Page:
One of the Foundation's aims is to try and promote best practices within innovation, but my interpretation is the belief that best practices can be upheld through the law and that the law can maintain ethically correct practices is flawed.
I may follow the law but not behave responsibly.  How do you feel about this argument, in your position as both a lawyer and a law maker?

I agree with you, but it is human nature to cut costs. Those issues are not a problem when they are done in America or Europe for the most part.
But the same oil companies that may be doing wonderful things in the North Atlantic or USA will go to the Congo and couldn't care less about polluting the country, because they cut corners, nobody is there to enforce it so they may be a wonderful company in one place but the way they act in another place is probably not so good.
In the final analysis I think it is all good to say we should, but there has to be a government to enforce it, or a society (which is a form of government) to enforce whatever rules there are.
We had BP in front of us after the Gulf oil spill, and everybody was concerned about some kind of blow out gasket, but I was only interested in one thing.
I said now let me ask you a question, this gasket that you say costs 500 000 dollars and so you didn't use, because you weren't required to use it here in America, (I knew the answer anyway, I am a lawyer, I don't ask questions I don't know the answer to), are you required to do it in the North Sea? Are you required to do it in Canada? And the truth, as I know, is yes.
And did you do it? And the answer is yes. And did you make money on those fields or were they charitable donations?  And the answer is well of course they made money. And so why don't we have those best practices here, there is no argument not to have it imposed in the Gulf.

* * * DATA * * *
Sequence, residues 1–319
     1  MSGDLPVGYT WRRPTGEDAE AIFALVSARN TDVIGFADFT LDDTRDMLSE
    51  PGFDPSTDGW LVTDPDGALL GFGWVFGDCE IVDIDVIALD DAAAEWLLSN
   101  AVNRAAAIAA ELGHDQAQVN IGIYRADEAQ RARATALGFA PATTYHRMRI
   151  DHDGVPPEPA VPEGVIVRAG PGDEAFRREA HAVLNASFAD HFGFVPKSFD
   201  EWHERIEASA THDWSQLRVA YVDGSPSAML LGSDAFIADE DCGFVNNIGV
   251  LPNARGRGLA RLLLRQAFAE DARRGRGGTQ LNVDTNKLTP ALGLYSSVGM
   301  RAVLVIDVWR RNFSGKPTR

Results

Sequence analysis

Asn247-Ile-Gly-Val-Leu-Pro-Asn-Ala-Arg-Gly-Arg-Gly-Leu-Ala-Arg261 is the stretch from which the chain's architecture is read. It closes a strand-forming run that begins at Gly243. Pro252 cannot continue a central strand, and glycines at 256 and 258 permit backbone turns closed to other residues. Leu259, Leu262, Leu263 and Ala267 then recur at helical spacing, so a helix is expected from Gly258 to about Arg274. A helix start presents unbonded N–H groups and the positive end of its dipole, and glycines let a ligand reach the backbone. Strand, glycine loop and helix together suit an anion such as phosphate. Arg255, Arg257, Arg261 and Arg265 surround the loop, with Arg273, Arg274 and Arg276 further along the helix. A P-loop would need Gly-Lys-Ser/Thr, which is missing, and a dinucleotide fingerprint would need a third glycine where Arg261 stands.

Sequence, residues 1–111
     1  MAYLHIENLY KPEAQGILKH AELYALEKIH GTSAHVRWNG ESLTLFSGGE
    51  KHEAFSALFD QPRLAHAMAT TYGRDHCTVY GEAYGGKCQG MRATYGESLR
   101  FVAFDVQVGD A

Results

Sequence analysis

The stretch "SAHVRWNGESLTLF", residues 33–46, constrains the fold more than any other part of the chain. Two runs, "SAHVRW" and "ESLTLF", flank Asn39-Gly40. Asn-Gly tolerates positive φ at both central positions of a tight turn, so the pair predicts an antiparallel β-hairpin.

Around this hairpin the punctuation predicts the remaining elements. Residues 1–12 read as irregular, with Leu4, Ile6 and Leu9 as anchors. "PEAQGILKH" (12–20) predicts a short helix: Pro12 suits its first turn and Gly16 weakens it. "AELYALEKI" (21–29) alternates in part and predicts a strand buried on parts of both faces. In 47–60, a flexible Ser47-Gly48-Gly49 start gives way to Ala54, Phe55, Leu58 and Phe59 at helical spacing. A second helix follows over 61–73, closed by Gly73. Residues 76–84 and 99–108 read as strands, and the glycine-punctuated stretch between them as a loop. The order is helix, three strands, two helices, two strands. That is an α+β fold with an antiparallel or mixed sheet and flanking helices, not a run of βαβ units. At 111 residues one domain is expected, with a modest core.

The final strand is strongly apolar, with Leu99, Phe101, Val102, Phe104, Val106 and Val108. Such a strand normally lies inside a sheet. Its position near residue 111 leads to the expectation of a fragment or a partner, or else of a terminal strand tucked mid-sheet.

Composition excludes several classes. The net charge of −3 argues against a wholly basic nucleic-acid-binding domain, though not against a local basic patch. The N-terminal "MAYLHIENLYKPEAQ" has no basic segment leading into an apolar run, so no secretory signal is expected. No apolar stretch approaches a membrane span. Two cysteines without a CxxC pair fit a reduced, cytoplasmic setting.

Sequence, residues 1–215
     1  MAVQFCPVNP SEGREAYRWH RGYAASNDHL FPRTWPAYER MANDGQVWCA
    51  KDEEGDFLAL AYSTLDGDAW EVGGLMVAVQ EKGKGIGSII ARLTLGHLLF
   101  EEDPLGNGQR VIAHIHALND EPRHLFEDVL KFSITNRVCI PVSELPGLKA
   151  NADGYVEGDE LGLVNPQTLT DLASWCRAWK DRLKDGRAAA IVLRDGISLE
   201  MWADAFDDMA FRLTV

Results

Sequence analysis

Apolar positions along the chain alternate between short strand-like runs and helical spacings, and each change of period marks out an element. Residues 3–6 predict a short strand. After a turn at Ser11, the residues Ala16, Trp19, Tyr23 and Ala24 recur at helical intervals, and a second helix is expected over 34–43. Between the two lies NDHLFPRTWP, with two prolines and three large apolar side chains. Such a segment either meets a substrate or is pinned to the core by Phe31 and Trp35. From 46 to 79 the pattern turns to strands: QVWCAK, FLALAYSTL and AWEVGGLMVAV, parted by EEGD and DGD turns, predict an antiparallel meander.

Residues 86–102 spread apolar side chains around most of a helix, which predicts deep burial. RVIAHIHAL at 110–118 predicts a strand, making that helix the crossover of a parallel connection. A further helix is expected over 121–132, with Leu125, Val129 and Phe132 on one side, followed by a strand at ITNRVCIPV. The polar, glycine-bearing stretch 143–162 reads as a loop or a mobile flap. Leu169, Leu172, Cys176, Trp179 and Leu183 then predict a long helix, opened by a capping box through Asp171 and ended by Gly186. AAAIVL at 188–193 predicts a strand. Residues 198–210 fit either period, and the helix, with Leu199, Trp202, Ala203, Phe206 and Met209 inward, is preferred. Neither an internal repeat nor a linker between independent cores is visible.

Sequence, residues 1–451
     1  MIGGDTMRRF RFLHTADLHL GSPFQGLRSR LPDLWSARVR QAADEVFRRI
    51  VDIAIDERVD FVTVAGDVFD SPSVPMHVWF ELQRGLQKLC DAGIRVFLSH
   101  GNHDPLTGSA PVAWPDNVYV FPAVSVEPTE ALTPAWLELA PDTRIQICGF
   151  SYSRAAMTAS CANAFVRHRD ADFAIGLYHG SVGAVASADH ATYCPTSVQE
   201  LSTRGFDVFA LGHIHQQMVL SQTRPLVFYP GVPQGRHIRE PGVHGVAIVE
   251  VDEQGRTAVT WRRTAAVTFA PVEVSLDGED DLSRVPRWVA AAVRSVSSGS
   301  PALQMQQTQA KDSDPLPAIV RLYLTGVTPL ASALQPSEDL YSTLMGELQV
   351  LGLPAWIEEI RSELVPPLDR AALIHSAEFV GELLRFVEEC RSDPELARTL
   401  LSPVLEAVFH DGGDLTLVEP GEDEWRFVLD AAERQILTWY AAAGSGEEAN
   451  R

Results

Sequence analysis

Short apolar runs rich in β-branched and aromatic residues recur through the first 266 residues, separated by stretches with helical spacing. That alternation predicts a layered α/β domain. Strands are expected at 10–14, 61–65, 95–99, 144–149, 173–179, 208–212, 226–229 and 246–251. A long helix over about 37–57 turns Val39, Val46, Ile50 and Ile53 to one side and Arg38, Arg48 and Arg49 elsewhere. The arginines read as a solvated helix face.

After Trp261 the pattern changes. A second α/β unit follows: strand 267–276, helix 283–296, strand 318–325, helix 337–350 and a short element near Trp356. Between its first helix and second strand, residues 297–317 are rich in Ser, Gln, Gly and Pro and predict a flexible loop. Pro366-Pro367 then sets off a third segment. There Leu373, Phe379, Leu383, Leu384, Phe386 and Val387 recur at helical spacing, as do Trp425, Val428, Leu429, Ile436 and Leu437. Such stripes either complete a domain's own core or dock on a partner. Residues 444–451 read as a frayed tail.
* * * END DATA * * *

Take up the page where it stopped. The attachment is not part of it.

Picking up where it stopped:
If you can do the exact same thing in the North Sea, being required to do so by the government of Norway, and make money, well good for you, and you should be required to do it in the Gulf, and you can still make money, you cannot make any business argument against doing it here.
It is a classic example: the company followed a best practice when they were required to do a best practice. No questions. They did not say 'well I'm sorry I'm not coming to Norway because you make us do this'.
So in the final analysis responsibility is a good thing to set forth, but the exception makes the rule, and there will always be someone that is not willing to be responsible unless required to be responsible. That is what governments do.

You represent the cutting edge of the scientific world, MIT to name just one, do you feel pressure, or do people apply pressure to promote or to come some way towards appeasing their particular needs?

Nobody applies pressure, I cannot think of anybody that has ever applied pressure in a successful way, it is not the way to approach me. At the same time, when you are running for office... I knew what was in the district before, they didn't just spring up yesterday, and you tell people how you feel.
When it comes to scientific research I look at it as two things, the great esteem of humanity, I like it, but it is an economic engine here. That is what we do here.
We used to be a textile manufacturing area, shoes especially; we were a meat slaughtering capital, all kinds of things.
We are a high tech capital now, but we used to be the only high tech capital, now we are not the only one.
Everything we do here is based upon scientific innovation, and it wasn't done in the pursuit of some kind of scheme, it just grew out of habit.
We have the right mix of universities, and hospitals, and venture capitalists and the physical location, all kinds of things that just happened to come together.
And like it or not, intellectual capital is our economy now, it is what we do, and which politician wouldn't or shouldn't be involved in protecting the economic interests of their district.